10. It's just a commenting style. It's easier to follow this way (IMO) than a long winded reply without clearly seeing what one is replying to. In other words, it's meant to put things in context. Sometimes it's hard to sense sarcasm and such things by reading plain old text (no smilies or anything either). I thought you were totally serious. I've seen plenty of people who would say things like that and even weirder things (it's the internet, weird people aren't exactly uncommon), even on this forum. If I read it again it now makes sense, especially if you insert a period after "variant". Not to say they are not used or that you don't know what you're saying but I have yet to come across one. Since were talking about cheap window units specifically I'll provide one example: LG/Goldstar uses Samsung's SAM87RC series MCUs (for example the C8475). OTP? Absolutely. But EPROM on a modern MCU i.e. a windowed part? We must have different definitions of modern then. Unless you meant EEPROM which is quite something else and not a separate ROM chip like you were talking about in your first post. That wasn't the intent and I'm sincerely sorry if it made you feel that way. Also, the moderator status doesn't really make one all that special, it mostly means we waste time deleting spam or warez posts on a daily basis.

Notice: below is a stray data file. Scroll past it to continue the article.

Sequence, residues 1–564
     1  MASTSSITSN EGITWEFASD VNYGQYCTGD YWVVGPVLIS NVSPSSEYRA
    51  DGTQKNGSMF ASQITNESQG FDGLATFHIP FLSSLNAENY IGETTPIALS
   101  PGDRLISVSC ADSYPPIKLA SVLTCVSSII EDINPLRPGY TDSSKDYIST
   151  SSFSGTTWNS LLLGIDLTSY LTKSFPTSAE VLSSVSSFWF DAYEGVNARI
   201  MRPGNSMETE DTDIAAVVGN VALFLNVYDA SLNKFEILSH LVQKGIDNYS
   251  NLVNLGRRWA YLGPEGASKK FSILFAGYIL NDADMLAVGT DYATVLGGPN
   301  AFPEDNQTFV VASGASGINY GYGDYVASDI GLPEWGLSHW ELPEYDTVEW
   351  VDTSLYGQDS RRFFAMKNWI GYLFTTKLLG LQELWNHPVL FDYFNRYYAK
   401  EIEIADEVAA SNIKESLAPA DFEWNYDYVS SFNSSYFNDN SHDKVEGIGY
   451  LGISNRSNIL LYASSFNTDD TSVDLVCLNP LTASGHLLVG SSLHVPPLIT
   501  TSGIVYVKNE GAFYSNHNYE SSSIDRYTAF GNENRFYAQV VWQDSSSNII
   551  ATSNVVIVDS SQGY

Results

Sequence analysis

11. I've heard of it, but I've literally never actually seen anyone who used it. Not a single person. Not one. None. Virtually 100% of the people I've seen upgraded directly to Excel 4.x. I'm aware of that but I'm not sure what point you're trying to make (perhaps you aren't). It's totally possible that it was nice but it wasn't all that popular (never seen anyone use it either). I've used R12 Win on Win95 and it was a joke indeed (R12 DOS definitely rocked for its time). Plotting under Windows seemed so strange as well. By the time it turned into a decent Windows app I had mostly stopped using it. As for UNpowerful hardware, yeah, tell me about it. I've seen plenty of people run R12 on 386's (and even seen some unfortunate people with the wrong stepping of the 386 who couldn't run it) with 4 or 8MB of RAM. Every time a n00b entered a fill value that was too high it would lock the machine for a half hour or more. Either ways, there were very, very little common non-DOS programs back then. A lot of people around that time used only DOS apps (be it business apps or games).That's what made Win3.x pretty much useless. Aside from using MS Office, I'd say 90% of the use of Win 3.x I've seen was Solitaire, Minesweeper and MS Paint.